Electoral Reforms in India: Meaning, Needs, Challenges and Steps taken
The need for electoral reforms
- The Goswami Committee on Electoral reform in 1990, observed the crippling effect of money and muscle power in elections.
- The N. Vohra committee, which submitted its report in October 1993, studied the problem of criminalization of politics and the nexus among politicians, bureaucrats, and criminals in India. According to the committee CBI, IB had unanimously expressed their opinion that the criminal network is virtually running a parallel government.
- The Law Commission has said that in the last ten years since 2004, 18% of the candidates contesting national and state assembly elections had one or more criminal cases against them.
- In the 18th report presented by a parliamentary committee to the Rajya Sabha in March 2007 said that there should not be a person from criminal background
- The report said, "criminalization of politics is the bane of society and negation of democracy."
Major Challenges in the Indian electoral system:
- Money Power: Election is an expensive affair in every democratic polity. Money power plays a destructive role in our electoral system affecting the working of periodic elections seriously
- Muscle Power: Criminalisation of politics and politicization of criminals are like two sides of the same coin and mainly responsible for the muscle power in the election
- Misuse of Government Machinery: It generally complains that the government in power often misuse official machinery to further the election prospects of its part candidates.
- Criminalisation of Politics and Politicisation of Criminal: Nexus between the two groups of Politician and Criminals ensure each others survival in Indian Democracy. Criminals using money and muscle powers to enter politics and further ensures that the cases against them are not proceeded with. Political parties also field such candidates with a criminal background as they ensure a seat for the Party.
- Freebies in the election: Free liquor or some goods to voters are acts of enticing voters
- Paid News and Fake news: Paid news is published as a news item in the form of advertisement. Social media also transmit fake news
Steps Taken by the government
- Electoral bonds:
- Electoral bonds are like a promissory note that can be bought by an Indian citizen or company incorporated in India from select branches of State bank of India.
- It was introduced with the Finance Bill (2017).
- On January 29, 2018, the government of India introduced the Electoral Bond Scheme 2018.
- Introduction of VVPATs:
- It is a method of providing feedback to voters using a ballot less voting system.
- It is an independent printer system attached with Electronic voting machine that allows the voters to verify that their votes are cast to the person they want to give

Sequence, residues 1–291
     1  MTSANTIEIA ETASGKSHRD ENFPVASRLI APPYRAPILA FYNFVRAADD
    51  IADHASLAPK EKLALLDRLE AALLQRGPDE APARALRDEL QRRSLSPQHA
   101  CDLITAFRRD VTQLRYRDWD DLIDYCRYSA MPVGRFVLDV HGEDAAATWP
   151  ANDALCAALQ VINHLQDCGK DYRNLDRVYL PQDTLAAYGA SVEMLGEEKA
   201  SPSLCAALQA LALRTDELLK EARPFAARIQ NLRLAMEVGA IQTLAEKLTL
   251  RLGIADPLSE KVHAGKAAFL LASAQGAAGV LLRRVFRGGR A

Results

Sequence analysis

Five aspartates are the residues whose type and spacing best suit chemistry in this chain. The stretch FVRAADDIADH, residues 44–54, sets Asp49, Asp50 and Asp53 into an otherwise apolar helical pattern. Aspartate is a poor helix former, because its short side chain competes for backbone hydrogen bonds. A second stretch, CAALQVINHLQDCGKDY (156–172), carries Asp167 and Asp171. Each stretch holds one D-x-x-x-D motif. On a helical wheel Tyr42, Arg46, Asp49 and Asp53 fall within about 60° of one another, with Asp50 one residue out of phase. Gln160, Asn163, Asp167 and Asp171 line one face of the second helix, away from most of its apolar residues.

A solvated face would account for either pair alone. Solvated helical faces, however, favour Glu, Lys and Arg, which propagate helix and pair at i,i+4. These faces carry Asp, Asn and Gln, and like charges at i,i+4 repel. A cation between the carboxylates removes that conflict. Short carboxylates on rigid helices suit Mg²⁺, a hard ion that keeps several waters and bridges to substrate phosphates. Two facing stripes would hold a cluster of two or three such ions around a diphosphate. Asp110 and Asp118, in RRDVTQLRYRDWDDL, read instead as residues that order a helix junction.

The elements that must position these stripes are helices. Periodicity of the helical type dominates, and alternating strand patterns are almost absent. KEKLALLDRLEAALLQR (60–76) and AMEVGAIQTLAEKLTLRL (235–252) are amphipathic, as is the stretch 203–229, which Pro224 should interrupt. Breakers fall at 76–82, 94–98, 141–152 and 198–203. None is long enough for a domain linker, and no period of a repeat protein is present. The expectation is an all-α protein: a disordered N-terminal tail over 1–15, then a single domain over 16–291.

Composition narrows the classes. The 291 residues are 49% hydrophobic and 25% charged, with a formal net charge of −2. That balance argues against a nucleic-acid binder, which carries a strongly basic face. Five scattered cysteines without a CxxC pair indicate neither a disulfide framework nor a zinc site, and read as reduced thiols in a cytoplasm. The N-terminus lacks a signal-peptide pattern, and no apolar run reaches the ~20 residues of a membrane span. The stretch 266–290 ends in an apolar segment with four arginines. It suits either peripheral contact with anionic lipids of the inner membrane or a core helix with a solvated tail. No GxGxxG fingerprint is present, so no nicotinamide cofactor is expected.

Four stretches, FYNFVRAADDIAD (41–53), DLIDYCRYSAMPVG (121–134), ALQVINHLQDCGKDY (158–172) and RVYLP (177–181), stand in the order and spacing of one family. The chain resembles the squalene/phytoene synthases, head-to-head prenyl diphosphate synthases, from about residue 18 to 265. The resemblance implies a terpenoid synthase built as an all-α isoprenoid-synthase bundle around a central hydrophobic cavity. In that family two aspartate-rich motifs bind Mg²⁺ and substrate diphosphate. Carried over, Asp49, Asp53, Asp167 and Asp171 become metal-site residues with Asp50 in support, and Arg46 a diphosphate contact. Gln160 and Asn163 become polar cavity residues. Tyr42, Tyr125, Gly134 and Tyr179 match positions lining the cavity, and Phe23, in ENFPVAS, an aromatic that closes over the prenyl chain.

- VVPAT generates a paper slip every time when a voter casts his vote, recording the party to whom the vote was made
- The voters verified paper audit slip is kept in a sealed cover
- Guidelines for social media during the election: Voluntary Codes for ethics is given by election commission for the fair and free election
- Lowering of voting Age: The 61st constitutional amendment act reduced the minimum age for voting from 21 years to 18 years
- Introduction of Electronic Voting Machines:
- EVMs were introduced in the year 1998 during the state elections of Delhi, Madhya Pradesh, and Rajasthan.
- EVMs are used widely now because they are fool-proof, efficient, and a better option in terms of the environment.
- Restriction on candidates from contesting in more than two constituencies
- It shall lead to disqualification of the person for six years from contesting to the Parliament and State legislatures when a person violates the National Honors Act, 1971
- Increasing the number of proposers and the security deposit: The no of electors required to sign as proposers in the nomination papers for election to the Rajya Sabha and the State Legislative Councils has been increased to 10% of the electors of the constituency or ten such electors
- It helped in reducing the non-serious candidates in the election.
- It is restricted by law to go to the polling booth bearing arms. Taking arms to the poling both is punishable by imprisonment for up to 2 years
- Prohibition on the sale of liquor: Liquor or other intoxicants shall not be sold at any shop, eating place, or any other place within the polling area during forty-eight hours. Forty eight hours ending with the hour fixed for the conclusion of poll
- The ceiling on election expenditure: For the Lok Sabha election, a candidate can spend nearly 50-70 lakh, and Rs 20-28 lakh for an assembly election.
- The government decided to observe January 25 as 'National Voters Day' to mark the EC's founding day.
- Voting through the postal ballot is another reform taken up by the Government.
- Political parties need to report any contribution above Rs 20000 to the Election Commission for claiming income tax benefit.
- Declaration of criminal record, assets, etc. by the candidates is required, and declaring false information in the affidavit is now an electoral offence punishable with imprisonment up to 6 months or fine or both.
- Audit of the party expenditure: It should be conducted regularly.
- Awareness campaign to educate the voters in villages or colleges for the first time voters.
- Self-regulation by the political parties: Political parties voluntarily took money in the electronic form and bring transparency in their approach.
- Neutrality by Mass media: Mass media should play a non-partisan role in the election. It acts as a safeguard of democracy.
- Regulation by the social media companies on the fake news especially during the election time.